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ISMA Winter 2001 Workshop - Talk Abstracts
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Talk Title and PresenterAbstract
Route Views Update
Joel Jaeggli and
David Meyer

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The University of Oregon Route Views service (www.routeviews.orgi) is widely used both for operational purposes by ISPs as well as a source of data for Internet researchers. The server currently has EBGP multi-hop peerings service providers at 42 points around the world, carries more than 1.6M paths, and has averaged more than 1800 connections per day. We discuss how routeviews data has been put to use, and outline some of the things that could help the sustainability of services of this kind. New elements since the earlier talk at NANOG23 entitled "Trends and Dynamics in BGP" include a discussion of current and projected storage requirements, ongoing migration to zebra bgpd, and continued legacy data format archiving.
RIPE NCC Measurement Infrastructure Update
Henk Uijterwaal

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Part 1 of the talk will discuss recent development in the TTM and RIS infrastructure and new features interesting for people analyzing the data.

Part 2 will be recent analysis of TTM and RIS data. Topics (TTM): Jitter/IP Delay Variations, Bandwidth measurements, Long term trends in the delays, RIS: growth of routing table. And more.

Growth of Public Internet Exchanges over Time
Bill Woodcock, and
Bob Arasmith

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This is a short presentation of data and analysis surrounding the rate of growth which public Internet exchange facilities (peering points) experience over time. There is a commonly-held belief that exchange points begin with a small number (2-3) of initial participants, followed by straight-line growth up to a magic "critical mass" threshold, followed by exponential growth up to the maximum carrying capacity of the facility and its switch fabric. We hope to be able to either corroborate or refute this belief upon completion of our analysis, which we will present at ISMA. Principal investigator: Bill Woodcock, research director, Packet Clearing House. Co-author: Bob Arasmith, research associate, Packet Clearing House.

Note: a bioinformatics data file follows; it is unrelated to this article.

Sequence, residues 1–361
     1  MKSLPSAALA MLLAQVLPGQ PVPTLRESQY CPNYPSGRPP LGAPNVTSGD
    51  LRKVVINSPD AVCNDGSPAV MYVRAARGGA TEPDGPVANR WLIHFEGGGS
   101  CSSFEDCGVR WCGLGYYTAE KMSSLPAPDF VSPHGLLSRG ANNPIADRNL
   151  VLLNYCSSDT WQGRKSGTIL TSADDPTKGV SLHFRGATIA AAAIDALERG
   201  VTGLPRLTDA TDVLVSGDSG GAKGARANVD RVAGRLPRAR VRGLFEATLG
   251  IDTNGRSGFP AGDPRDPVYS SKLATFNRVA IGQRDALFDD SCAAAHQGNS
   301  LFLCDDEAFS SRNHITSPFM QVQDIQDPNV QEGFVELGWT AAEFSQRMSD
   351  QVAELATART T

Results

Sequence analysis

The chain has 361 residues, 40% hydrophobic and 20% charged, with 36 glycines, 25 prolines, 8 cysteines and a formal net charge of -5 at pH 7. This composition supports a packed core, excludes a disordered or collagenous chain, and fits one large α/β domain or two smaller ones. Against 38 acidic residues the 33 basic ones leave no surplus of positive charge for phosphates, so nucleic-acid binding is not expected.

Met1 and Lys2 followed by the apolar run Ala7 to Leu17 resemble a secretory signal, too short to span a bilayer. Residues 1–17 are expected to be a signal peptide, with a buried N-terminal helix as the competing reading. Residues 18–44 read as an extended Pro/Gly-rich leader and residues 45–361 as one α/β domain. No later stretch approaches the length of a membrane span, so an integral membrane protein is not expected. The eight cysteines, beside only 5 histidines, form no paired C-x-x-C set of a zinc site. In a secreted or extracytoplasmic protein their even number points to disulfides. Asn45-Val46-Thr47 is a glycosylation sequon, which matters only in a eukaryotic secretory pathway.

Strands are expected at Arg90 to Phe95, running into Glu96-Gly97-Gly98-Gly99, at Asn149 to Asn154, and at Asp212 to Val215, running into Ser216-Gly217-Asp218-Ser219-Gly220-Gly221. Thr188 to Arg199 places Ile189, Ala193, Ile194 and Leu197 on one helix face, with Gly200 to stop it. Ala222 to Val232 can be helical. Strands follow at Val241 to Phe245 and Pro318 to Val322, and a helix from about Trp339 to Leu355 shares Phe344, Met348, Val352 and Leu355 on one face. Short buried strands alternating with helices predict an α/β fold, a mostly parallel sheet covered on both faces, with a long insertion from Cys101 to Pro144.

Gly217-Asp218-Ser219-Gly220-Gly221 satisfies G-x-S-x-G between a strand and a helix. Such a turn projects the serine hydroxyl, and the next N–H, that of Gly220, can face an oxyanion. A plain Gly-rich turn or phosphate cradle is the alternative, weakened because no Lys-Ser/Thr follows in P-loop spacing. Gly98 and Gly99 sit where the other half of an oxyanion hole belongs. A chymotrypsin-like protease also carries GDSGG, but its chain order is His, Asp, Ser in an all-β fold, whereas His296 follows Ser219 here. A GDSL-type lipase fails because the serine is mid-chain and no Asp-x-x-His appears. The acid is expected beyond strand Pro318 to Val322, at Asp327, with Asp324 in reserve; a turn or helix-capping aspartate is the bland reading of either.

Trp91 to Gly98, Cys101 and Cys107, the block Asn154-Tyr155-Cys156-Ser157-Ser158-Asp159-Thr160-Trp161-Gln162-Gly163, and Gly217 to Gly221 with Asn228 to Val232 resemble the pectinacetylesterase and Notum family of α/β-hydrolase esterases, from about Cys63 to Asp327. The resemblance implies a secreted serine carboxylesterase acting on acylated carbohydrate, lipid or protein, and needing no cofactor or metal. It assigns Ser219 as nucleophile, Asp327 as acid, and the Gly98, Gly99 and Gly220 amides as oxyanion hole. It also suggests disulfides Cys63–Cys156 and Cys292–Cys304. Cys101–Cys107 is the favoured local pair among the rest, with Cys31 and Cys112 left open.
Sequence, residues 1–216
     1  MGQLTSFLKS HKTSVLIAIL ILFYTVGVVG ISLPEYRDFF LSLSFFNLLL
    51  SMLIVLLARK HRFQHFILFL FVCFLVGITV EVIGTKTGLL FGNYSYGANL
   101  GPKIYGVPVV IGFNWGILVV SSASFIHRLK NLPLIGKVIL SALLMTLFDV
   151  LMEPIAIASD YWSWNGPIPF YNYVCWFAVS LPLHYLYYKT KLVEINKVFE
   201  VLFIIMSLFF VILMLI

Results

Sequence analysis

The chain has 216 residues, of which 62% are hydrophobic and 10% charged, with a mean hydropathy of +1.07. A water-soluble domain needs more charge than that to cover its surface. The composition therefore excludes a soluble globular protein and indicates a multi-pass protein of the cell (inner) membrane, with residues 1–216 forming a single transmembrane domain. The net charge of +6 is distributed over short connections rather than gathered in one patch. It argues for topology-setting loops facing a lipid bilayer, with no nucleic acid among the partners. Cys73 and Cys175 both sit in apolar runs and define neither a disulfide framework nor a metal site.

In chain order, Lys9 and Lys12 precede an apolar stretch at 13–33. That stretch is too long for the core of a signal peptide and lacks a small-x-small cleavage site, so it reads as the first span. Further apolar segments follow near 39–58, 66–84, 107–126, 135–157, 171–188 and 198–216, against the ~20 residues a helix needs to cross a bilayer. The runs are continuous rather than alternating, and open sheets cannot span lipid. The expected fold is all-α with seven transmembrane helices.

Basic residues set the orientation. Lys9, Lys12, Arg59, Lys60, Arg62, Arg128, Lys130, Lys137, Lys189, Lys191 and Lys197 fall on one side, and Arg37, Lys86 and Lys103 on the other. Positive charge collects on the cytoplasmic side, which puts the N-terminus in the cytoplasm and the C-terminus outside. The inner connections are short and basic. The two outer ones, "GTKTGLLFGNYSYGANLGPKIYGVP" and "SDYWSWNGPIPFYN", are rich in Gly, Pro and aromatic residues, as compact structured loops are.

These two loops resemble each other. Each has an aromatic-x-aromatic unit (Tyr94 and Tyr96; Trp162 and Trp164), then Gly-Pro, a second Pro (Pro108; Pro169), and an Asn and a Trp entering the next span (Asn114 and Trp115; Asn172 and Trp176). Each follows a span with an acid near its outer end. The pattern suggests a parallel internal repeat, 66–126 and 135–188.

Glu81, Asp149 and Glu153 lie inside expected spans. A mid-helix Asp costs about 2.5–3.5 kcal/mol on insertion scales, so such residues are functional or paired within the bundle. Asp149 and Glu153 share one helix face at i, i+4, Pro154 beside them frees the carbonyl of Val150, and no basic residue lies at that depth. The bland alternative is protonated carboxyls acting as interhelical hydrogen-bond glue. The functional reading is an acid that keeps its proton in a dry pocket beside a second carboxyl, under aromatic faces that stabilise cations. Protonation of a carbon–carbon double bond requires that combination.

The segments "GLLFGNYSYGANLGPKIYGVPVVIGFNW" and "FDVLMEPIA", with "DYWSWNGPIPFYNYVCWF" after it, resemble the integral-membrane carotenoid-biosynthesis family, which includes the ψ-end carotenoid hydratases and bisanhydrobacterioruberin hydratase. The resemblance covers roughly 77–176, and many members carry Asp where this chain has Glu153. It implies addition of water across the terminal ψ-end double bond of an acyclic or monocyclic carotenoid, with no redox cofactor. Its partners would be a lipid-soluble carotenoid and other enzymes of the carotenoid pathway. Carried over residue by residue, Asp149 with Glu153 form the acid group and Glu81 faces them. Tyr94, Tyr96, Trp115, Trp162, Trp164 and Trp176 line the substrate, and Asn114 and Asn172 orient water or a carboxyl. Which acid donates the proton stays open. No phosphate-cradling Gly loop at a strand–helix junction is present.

Global Routing Instabilities during Code Red II and Nimda Worm Propagation
Andy Ogielski

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I will present the latest results following the work published at no longer available). This work was performed jointly with James Cowie of Renesys.
Detection of Routing Loops in Packet Traces and Analysis of Their Impact
Sue Moon

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Changes in routing information are propagated by various routing protocols. Transient inconsistency between router states exists as part of the normal routing protocol operation. As a result, a routing loop is conformed, and some packets might be bounced back and forth until the inconsistency is resolved. If the reachability to many destination addresses is affected by the inconsistency, it is likely that many packets are affected.

In this work, we present a methodology to detect routing loops as they manifest in the packet traces. Then we study the causes behind the routing incidents, and classify them by identifiable causes. As a final step, we analyse the impact of routing loops on the network traffic in terms of delay, loss, and bandwidth.

A study of BGP misconfigurations
Ratul Mahajan

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We present preliminary results from a new study of BGP misconfiguration. In the talk, we focus on two kinds of misconfigurations. The first is accidental origination of routes. It includes not only origination of routes owned by the ISP itself, but also address space hijacks. The second is route leaks, exporting routes not consistent with the ISP's policy. We talk about our methodology, results based on an email survey, and the underlying causes of these misconfigurations.
On the performance characteristics of BGP routing decisions
Mike Lloyd

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We describe a data collection infrastructure which accumulates BGP feeds along with performance data on a wide variety of end points. We then show some of the results we have generated by correlating these data sources. Specifically, we analyze the frequency with which BGP's unmodified decision process selects suboptimal forwarding paths. We also investigate the dynamic properties of observed performance differences.
Load Balancing Traffic in a BGP Environment Using On-line Simulation and Dynamic NAT Techniques
Shivkumar Kalyanaraman

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We focus on two problems in this talk: a) outbound load-balancing using BGP LOCAL_PREF settings aided by online simulation and b) inbound load balancing in a multihomed stub AS environment using dynamic NAT.